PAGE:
I think of mental illness like any physical illness. I have some emotional wounds that are just like lifelong scars or aches. I’m not imagining I’ll ever completely repair them, I just do what I can to keep myself as pain-free as possible. There is so much pain that’s out of my control, like if a car comes out of nowhere and rips my foot up, or the ground gives way and I slip and slice my hand, or the mysterious ways the same parts of my back seize up every once in a while, or if someone treats me terribly, or attacks me online (or in real life), or whatever horrible event happens. My focus isn’t to numb that stuff, as that seems to just make life worse. I want to be as good as I can be at processing the pain that comes at me or lives in me, and then do my best to not add any self-imposed pain, like putting weight on an injury, or pushing myself too hard, or spiraling into shame about some past or present mistake, or making up horrible stories about a future I can never know. If I’m fantasizing about the future, why would I not at least hallucinate something pleasant?
It’s a life work, unlearning patterns, rewriting neural pathways, keeping my body and mind limber and functioning as well as possible. Diet, exercise, remembering to breathe, talking through traumatic memories with trusted people and/or professionals... these are the simplest tools I know of to stay healthy. When I don’t, the inertia of my trauma, all the shitty memories of tough times stored in my body/mind/heart, all the stories I’ve made up about why I deserved it, why I’m no good... all of that is its own creature, like a bacteria that will take me over if I don’t keep an eye on it. When it does take over, I essentially black out, like a freshman after too many beers, or someone feverish and disoriented from illness, except I’m puking feelings and ugly behavior instead of alcohol or whatever other kind of poison that got into me. I see so many trauma blackout zombies in the world, hurting themselves and each other, the trauma being compounded, gaining strength with every blackout. They aren’t bad people, they’re not EVIL, they’re just creatures consumed and controlled by untreated trauma. I’m doing my best not to be another trauma zombie, passing on pain.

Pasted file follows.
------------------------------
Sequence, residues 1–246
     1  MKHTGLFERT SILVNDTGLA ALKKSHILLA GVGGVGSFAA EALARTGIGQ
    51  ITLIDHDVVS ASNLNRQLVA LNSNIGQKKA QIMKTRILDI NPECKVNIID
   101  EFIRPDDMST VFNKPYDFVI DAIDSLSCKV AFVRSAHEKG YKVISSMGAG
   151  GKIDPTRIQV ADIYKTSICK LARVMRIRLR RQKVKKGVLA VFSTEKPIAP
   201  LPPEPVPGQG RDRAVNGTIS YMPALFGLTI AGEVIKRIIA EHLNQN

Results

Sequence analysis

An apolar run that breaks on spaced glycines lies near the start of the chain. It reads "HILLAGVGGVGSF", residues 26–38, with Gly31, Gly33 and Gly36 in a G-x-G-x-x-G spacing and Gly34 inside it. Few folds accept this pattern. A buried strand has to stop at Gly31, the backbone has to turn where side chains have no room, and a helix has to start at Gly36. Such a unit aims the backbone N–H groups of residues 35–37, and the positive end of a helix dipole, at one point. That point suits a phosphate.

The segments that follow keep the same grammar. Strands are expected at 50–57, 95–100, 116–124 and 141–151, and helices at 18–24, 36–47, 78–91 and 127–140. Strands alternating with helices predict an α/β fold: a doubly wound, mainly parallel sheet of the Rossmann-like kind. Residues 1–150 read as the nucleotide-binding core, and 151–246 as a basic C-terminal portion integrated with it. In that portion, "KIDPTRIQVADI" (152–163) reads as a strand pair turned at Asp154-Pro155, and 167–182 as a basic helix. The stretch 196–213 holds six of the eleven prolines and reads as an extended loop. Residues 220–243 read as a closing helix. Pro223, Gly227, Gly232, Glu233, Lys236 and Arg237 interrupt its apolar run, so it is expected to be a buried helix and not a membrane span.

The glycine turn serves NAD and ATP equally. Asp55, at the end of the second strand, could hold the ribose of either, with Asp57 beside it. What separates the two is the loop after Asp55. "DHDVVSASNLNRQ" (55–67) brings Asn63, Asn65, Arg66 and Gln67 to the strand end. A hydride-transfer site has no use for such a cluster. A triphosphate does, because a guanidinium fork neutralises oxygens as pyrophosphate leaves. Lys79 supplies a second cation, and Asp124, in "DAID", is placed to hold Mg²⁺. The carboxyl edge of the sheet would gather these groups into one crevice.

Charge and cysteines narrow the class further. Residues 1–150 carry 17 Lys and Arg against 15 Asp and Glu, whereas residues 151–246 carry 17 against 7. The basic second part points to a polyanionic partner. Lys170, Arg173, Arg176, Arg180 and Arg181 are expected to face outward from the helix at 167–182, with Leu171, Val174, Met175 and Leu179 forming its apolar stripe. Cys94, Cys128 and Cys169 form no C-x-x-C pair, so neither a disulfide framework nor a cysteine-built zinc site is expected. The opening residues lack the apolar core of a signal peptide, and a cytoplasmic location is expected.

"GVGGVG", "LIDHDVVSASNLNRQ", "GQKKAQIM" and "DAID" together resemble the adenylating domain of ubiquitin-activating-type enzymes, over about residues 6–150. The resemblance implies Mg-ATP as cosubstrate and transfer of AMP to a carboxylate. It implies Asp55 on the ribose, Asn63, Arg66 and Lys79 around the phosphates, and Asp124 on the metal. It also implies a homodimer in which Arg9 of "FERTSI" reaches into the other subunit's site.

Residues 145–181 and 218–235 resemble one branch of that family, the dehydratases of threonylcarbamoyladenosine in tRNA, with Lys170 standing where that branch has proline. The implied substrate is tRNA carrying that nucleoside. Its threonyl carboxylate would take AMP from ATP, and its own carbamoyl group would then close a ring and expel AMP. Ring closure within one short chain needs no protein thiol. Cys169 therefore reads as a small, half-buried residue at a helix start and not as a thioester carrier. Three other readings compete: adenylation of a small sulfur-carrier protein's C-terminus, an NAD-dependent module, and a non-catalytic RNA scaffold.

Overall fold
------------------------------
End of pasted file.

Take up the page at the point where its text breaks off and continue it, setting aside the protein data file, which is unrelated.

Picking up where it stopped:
Okay, that feels like plenty for now, and I've got mountains of other work to do. Here’s as simple as I can say it: I think of mental/emotional self-care like brushing my teeth. When I don’t do that, my teeth feel fuzzy and disgusting, and I know that if I ignore my teeth, they’ll start to hurt, and eventually fall out. So I make time for it. I keep my teeth clean, and I do the same for my mind. I imagine that carving out chunks of time for self-care might feel impossible for many of the people reading this. Even the people who are great about physical exercise might consider the mental health part some unrealistic add-on. As far as I can tell, if you’re reading this, you’re not in survival mode. You’re not living in the poverty that billions of people suffer daily. You may well be busy, and you live a life of choice. I hope you choose to give yrself the time to properly brush yr teeth, hydrate yrself, get good rest, and care for yrself in all the ways. Daily self-care is the only thing that’s gonna even have a shot at healing what ails you, and therefore the world. I love You.